Mullite is a type of rare mineral consisting of aluminum silicate. It is also known as porcelainite, is a rare silicate mineral of post-clay genesis. It can form two stoichiometric forms: 3Al2O32SiO2 or 2Al2O3 SiO2. It is formed upon firing aluminosilicate raw materials and is the most important constituent of ceramic whiteware, porcelains, and high-temperature insulating and refractory materials.
Mullite was first described in 1924 as an occurrence on the Isle of Mull, Scotland. Natural mullite was discovered as white, elongated crystals on the Island of Mull, Inner Hebrides, Scot.
Mullite is a very important phase in high temperature, high hot strength, and thermally shock resistant products. It is virtually volume stable at very high temperatures.
- Category: Nesosilicate
- Formula: Al6Si2O13
- Crystal system: Orthorhombic
- Crystal class: Dipyramidal (mmm)
- Color: Colorless to pale pink or grey
It is a good thermal and electrical insulator – even at very high temperatures. It has outstanding hot load-bearing properties, and it is resistant to many corrosive environments. Unusually, mullite has no charge-balancing cations present. As a result, there are three different aluminium sites: two distorted tetrahedral and one octahedral.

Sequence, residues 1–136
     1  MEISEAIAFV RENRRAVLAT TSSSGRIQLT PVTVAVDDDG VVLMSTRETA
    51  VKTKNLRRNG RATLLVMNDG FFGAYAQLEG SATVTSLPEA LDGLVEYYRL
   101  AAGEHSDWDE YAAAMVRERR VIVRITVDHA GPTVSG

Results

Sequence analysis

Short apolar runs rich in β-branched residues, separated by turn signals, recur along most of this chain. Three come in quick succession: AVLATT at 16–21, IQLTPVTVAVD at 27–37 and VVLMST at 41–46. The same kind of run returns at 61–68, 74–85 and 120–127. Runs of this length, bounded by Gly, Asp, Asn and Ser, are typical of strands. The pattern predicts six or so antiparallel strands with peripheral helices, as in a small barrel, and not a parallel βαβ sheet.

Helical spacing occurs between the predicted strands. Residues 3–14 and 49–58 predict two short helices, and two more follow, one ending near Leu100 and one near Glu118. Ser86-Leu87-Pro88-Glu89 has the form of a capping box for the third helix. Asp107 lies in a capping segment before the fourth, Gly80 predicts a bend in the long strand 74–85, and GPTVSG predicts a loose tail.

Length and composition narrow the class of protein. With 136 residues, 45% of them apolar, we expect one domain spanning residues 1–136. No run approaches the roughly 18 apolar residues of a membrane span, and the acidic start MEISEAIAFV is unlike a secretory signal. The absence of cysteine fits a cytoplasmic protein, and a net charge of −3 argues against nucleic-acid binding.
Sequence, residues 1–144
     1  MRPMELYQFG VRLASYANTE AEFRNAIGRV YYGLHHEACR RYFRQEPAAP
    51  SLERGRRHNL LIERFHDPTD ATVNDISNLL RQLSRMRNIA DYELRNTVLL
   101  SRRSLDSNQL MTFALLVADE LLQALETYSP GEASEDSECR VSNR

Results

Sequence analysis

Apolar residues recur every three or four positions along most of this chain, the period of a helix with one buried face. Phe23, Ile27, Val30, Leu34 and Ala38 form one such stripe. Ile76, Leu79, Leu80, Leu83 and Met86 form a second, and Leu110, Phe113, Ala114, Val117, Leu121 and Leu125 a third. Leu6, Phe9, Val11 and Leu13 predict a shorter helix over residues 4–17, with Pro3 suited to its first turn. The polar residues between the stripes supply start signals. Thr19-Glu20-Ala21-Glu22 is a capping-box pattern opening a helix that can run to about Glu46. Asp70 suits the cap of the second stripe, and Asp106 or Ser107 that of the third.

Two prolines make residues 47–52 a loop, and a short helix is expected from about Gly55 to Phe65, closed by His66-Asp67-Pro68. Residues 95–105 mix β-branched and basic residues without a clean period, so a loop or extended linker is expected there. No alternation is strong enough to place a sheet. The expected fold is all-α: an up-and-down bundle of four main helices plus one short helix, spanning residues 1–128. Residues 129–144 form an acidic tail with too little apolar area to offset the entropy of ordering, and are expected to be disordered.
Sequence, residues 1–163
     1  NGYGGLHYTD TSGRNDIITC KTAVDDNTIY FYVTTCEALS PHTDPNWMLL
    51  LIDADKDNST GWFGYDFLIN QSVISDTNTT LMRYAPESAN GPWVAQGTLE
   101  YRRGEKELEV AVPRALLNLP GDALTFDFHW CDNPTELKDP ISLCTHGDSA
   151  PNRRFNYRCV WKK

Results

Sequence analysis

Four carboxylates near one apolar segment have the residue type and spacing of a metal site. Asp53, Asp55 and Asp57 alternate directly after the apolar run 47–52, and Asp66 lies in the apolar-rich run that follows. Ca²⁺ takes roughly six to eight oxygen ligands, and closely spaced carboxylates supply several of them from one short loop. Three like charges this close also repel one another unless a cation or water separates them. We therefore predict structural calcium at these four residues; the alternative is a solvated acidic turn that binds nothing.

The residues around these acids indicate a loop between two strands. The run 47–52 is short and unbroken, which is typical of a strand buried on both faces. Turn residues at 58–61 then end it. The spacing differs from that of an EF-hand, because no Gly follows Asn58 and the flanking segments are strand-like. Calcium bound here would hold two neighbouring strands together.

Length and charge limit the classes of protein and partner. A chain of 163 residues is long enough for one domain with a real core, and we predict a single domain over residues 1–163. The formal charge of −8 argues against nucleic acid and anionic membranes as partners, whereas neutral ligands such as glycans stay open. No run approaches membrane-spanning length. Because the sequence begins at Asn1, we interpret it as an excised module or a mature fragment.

- Crystal habit: Prismatic to acicular crystals
- Cleavage: Good on 
- Optical properties: Biaxial (+)
- Lustre: Vitreous
- Hardness: 6 – 7
- Specific Gravity: 3.11 – 3.26
Mullite is present in the form of needles in porcelain. It occurs as argillaceous inclusions in volcanic rocks in the Isle of Mull, inclusions in sillimanite within tonalite at Val Sissone, Italy, and with emerylike rocks in Argyllshire, Scotland.
Naturally occurring mullite is so rare because it is the result of extremely high temperatures that have come into contact with aluminosilicate minerals of just the right type. It has been recognized only in fused argillaceous (clayey) enclosures in intrusive igneous rocks, a circumstance that suggests very high temperatures of formation.
It is produced during various melting and firing processes and is used as a refractory material, due to its high melting point of 1840°C. Its use, therefore, as an industrial mineral, has to be supplied by synthetic alternatives. The formula for making it (using kaolinitic clay and then firing it at temperatures above 1100 °C) was kept a closely guarded secret. These methods generally involve high-temperature reactions of aluminosilicate minerals such as kyanite, andalusite or sillimanite, or alternatively bauxites and kaolins.